Since I had used up my four hours of potential parking on Polk, we had to walk back through the Tenderloin celebration, dancing with all kinds of folk along the way, taking in the numerous live music acts, before piling into my VW and heading south towards Trick Dog – the newest cocktail darling in the Mission District. We posted up along the backwall, received our cocktail menus (with the drink written on EP vinyl where the name of the artist would normally be), and combed through the pages to see what we wanted. To be honest, the whole experience feels a little forced, as if they're so worried about being hipster credible that they just went all the way. If you really want to be hip, why not just tattoo the menu on the inside of the bartender's wrist next to the cross section of a pig and a butcher's knife? Better yet, why not force me to bring my own mini vitrola and listen to the menu audibly? I kid Trick Dog. While I was honestly confused by the menu, the drinks we had were very well done. They were out of a few ingredients so I was forced to switch up my first choice into a Hangar One-based concoction with lime. We were all very impressed, but we couldn't stay for seconds because our stomachs were starting to grumble.
We tried hitting up the nearby Flour & Water but we had just missed the last table at opening, meaning we were looking at an hour or more before getting seated. We decided to wing it and headed west towards Mission St. where our gut told us that such a beautiful evening deserved a rooftop setting with lots of small plate options. We walked up the stairs to Lolinda's outdoor, latin-inspired El Techo patio and found an absolutely packed house. People were talking, drinks were flying, snacks were being nibbled, the sun was going down, and we were pumped. I had never even heard of Lolinda, but apparently I was the only one. The first drink I ordered (pictured above) was the El Presidente – something with white rum, Luxardo, and curacao that went down too easily. My second drink was a cold beer because I knew I could have put down dos Presidentes más even quicker. I was really impressed with Lolinda. The drinks were top notch. The food, even better. We had steak quesadillas with real Oaxacan cheese stretching like gooey mozzarella between a thick, hand-made corn tortilla. We had chorizo sticks, big fat chips with fresh guacamole, beef empanadas with flaky fried crusts, and a gigantic Cuban-style sausage sandwich with picked jalepeños and a fried egg on top. That was all before the monster plate of pork chicharones appeared with more tortillas and tangy salsa. I gorged. I gorged some more. Meanwhile I watched the show unfold before me, both on the patio and on the horizon. You need to go here if you haven't been.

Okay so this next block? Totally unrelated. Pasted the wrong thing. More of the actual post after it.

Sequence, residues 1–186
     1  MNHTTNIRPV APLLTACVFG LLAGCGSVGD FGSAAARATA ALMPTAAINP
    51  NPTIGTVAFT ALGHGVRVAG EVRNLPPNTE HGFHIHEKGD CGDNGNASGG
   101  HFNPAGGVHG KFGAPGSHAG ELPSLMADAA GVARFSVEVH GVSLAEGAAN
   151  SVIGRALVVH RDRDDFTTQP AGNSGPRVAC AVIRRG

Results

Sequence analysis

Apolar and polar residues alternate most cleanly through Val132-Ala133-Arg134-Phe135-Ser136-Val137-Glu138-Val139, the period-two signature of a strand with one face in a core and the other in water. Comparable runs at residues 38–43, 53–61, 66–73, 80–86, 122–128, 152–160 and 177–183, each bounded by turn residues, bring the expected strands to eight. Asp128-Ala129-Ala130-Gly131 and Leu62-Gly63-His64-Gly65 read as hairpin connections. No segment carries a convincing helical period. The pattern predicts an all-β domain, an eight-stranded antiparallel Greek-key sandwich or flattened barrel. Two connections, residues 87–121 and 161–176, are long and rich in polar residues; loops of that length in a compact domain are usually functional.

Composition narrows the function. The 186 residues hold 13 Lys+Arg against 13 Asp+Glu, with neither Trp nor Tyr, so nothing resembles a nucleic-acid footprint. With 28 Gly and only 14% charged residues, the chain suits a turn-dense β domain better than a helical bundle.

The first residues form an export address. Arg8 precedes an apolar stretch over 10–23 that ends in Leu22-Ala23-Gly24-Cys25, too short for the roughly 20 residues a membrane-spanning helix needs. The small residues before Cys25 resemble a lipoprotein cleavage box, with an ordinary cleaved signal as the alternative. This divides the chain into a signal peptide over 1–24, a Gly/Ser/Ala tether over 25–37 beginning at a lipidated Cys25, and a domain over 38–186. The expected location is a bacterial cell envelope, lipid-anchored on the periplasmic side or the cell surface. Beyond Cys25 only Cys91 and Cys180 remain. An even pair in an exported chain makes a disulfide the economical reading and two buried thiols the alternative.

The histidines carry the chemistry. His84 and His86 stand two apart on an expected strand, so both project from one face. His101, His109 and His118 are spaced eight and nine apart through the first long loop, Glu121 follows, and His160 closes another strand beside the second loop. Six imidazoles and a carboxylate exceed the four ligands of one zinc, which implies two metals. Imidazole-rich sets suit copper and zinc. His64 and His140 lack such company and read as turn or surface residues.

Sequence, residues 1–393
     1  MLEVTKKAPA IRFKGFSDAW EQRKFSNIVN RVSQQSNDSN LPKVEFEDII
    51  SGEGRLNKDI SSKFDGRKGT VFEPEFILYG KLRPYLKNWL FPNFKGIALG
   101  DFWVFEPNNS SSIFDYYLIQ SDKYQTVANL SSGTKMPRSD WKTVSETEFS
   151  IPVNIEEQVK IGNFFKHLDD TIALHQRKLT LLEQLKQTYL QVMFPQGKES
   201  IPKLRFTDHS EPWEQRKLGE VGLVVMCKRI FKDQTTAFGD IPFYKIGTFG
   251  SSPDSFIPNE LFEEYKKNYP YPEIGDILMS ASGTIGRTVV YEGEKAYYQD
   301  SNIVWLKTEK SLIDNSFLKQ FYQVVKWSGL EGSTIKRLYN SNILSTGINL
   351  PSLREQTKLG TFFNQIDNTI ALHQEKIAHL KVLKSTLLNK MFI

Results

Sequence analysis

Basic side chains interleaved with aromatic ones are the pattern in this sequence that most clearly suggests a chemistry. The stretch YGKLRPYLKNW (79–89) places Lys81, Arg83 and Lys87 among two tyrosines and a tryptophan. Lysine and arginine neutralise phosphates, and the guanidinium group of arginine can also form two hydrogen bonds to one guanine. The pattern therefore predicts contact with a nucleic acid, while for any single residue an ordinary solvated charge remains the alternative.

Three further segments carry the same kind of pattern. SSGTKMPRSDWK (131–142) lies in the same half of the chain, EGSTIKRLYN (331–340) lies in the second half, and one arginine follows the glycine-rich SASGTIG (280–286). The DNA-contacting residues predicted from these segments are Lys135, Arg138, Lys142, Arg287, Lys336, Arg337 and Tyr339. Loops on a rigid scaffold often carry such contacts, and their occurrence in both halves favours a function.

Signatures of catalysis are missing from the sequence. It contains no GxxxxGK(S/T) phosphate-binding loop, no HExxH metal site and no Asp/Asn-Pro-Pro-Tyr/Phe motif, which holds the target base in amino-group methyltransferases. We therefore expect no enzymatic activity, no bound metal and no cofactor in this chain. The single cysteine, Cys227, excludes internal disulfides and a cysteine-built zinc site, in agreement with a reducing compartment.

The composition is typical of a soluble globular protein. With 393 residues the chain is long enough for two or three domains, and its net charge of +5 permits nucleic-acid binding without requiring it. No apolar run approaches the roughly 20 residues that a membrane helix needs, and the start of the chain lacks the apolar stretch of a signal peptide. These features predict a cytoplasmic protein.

After dinner we headed north to 16th, then back behind Dalva to the Hideout for a nightcap of Amaro di Santa Maria al Monte. It helped digest the mound of food still sitting in my stomach and it was the perfect way to wind down the evening. We walked the long way down Valencia, eventually heading back to our car on 20th near Alabama before calling it a night. The cool air refreshed my body and my head, and by the time I got behind the wheel I was completely fine. I had paced myself successfully and managed to enjoy a long, lasting, extremely delightful day full of food, booze, friends, new experiences and conversation. We even got home in time to watch the new Breaking Bad before hitting the hay.
I treasure days like this. Who wants to come with me next time?